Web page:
Jeune Sculpteur au Travail


© Picasso Estate / SODRAC (2013)

Jeune Sculpteur au Travail
Dated 23 March 1933
Etching on Montval laid paper with the Vollard watermark
Framed: 10 9/16 x 7 3/4 in.
Signed Picasso (in pencil, lower right)
Plate 46 from La Suite Vollard
(B. 156; G 309/II, S.V.46)

From the edition of 260 (there was also an edition of fifty with wider margins), published by A. Vollard, Paris, 1939, the full sheet, a deckle edge on three sides, very pale time staining at the sheet edges, otherwise in very good condition


Pablo Picasso , intr. by Hans Bollinger, Suite Vollard, Ed. Arthur Niggli, Teufen (AR), Switzerland 1956, no.46

Geiser, Bernhard, Picasso Peintre Graveur, Kornfeld & Klipstein, Bern 1968, no. 309/II

Georges Bloch, Pablo Picasso, Catalogue de l’Oeuvre Gravé et Lithographié 1904-1967, Kornfeld & Klipstein, Bern 1969, no. 156

In June 1930 Picasso purchased the Château de Boisgeloup, halfway between Paris and Rouen, an elegant but modest manoir with no electricity, central heating, or modern bathrooms. In this “unheatable barn, riddled with drafts”, as he described it, Picasso set up a studio where he devoted himself mainly to sculpture. On weekends his wife Olga and son Paolo would come for a visit from Paris; during the week his young lover Marie-Thérèse Walter would keep him company. At Boisgeloup, Picasso would create several extraordinary sculptures of Marie-Thérèse, whose youth and classical features enraptured him.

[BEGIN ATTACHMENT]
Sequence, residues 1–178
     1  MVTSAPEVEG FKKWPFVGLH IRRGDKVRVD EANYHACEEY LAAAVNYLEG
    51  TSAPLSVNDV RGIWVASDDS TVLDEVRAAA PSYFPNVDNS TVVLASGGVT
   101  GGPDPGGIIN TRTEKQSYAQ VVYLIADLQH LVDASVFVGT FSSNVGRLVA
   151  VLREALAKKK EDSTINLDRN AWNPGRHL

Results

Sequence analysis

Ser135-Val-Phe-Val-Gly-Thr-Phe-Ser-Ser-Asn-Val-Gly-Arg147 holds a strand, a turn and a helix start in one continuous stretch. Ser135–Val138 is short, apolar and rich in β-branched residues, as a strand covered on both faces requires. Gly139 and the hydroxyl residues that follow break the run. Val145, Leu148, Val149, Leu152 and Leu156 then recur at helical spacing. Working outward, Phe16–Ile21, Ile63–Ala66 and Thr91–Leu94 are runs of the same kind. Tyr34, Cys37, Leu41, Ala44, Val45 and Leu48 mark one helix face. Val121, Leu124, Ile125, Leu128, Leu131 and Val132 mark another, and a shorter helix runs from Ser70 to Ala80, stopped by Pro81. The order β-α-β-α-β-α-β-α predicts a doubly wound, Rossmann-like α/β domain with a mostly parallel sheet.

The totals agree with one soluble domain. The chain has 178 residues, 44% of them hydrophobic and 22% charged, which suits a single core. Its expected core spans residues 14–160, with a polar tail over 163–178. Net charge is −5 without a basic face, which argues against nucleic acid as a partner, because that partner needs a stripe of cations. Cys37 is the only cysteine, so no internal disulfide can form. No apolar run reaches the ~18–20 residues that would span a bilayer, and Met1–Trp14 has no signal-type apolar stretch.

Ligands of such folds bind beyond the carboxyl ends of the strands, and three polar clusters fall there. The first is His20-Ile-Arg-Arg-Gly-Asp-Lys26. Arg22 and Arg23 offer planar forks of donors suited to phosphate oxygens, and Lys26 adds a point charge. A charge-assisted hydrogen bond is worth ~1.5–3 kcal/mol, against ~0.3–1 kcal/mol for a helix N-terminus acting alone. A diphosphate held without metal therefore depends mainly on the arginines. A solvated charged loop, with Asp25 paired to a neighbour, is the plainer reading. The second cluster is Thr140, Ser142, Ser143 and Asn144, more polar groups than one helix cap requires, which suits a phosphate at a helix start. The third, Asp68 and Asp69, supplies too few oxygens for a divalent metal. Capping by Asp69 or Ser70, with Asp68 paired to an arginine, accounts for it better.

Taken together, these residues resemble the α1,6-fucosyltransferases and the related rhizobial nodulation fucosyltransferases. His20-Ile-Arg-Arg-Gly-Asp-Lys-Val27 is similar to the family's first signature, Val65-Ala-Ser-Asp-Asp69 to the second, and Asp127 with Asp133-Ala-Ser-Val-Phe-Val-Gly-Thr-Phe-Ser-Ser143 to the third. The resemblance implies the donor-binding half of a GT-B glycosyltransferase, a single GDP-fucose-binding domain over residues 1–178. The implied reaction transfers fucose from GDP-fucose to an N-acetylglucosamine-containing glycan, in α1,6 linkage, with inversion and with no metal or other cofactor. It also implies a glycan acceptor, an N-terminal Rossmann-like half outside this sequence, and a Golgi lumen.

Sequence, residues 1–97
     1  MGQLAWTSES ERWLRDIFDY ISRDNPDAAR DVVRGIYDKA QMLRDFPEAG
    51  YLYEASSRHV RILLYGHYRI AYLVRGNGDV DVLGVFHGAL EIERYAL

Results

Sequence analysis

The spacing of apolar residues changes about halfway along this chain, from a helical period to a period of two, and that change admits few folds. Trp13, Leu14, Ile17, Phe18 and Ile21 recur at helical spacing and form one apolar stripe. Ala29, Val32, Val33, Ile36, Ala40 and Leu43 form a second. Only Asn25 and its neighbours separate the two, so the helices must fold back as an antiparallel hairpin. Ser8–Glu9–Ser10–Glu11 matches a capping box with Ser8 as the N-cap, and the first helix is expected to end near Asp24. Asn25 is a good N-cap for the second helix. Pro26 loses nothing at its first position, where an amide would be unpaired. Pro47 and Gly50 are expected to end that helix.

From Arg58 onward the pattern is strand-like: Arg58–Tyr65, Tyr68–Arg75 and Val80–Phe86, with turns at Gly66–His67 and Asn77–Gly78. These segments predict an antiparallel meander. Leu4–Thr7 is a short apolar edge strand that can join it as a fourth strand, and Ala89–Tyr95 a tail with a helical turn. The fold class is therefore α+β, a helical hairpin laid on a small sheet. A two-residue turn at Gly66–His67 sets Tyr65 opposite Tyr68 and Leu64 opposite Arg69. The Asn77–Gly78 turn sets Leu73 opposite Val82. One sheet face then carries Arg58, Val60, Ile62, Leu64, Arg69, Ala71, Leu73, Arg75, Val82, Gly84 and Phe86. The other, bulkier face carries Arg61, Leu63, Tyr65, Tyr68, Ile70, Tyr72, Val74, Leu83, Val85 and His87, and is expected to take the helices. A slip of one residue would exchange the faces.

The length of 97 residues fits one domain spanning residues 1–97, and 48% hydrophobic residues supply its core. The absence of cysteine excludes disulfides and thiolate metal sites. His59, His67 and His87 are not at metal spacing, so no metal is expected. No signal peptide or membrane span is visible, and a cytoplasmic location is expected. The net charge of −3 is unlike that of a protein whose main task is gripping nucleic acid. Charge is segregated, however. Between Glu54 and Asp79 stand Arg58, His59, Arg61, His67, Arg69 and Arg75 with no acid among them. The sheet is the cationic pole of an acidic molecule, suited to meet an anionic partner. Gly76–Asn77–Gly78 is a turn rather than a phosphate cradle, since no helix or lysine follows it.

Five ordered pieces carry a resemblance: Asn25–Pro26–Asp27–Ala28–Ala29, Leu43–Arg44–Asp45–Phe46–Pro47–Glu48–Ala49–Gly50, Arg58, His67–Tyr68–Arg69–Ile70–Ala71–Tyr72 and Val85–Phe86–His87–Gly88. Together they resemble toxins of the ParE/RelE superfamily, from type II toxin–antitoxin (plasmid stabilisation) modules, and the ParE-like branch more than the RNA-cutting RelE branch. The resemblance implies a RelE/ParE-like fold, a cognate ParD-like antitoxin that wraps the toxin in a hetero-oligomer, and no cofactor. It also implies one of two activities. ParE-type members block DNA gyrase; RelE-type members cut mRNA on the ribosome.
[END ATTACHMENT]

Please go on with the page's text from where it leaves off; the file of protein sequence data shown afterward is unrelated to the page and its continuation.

Photo of Marie-Thérèse Walter by Picasso, c.1930
© archives Maya Widmaier-Picasso


Plasters of Bust of Woman, and Head of a Woman, Boisgeloup, Dec. 1932
Photo by Brassaï, Archives Picasso, Musee Picasso, Paris

“I could see that she was certainly the woman who had inspired Pablo plastically more than any other. She had a very arresting face with a Grecian profile. The whole series of portraits of blonde women Pablo painted between 1927 and 1935 are almost exact replicas of her. . . . Her forms were handsomely sculptural, with a fullness of volume and a purity of line that gave her body and her face an extraordinary perfection.“ [1]

Francoise Gilot

In the engravings of the Vollard Suite, on which Picasso also worked at the time, he repeatedly contemplated about a classical sculptor’s feelings for his work and his model. The ‘sculptor in his studio’ is subject of 46 engravings in the Vollard Suite, almost half of the entire series.

The present etching shows a young sculptor with Apollonian features, holding a knife in his left hand, carving the bust of a woman. His torso is unclothed, only his head crowned by vines, that also entangle the female bust in front of him. The sculptor’s eyes are firmly focused on his work, his expression that of uncompromised concentration. The sculpture in the image sits on a classical Doric capital and very much resembles a plaster bust of Marie-Thérèse, Picasso had created several months earlier at Boisgeloup, which depicts her with an enlarged, phallic nose.

The creation of this print falls into an extraordinarily productive phase of Picasso’s life.  Between mid-March to early May 1933 he created no less than forty prints for the Vollard suite, sometimes up to four prints in one day.  His artistic inspiration might have been fired up by his passionate affair with his young mistress, or it may be blamed on the lack of heating at Boisgeloup: “But I can tell you one thing” Picasso remarked in a letter from is country retreat to the photographer Brassai: “– cold stimulates you; it keeps the mind alert…. You work to keep warm, and you keep warm by working.”[2]



[1] Francoise Gilot and Carlton Lake, Life withPicasso, New York 1964, p. 241 f.

[2] Francoise Gilot and Carlton Lake, Life with Picasso, New York 1964, p.153

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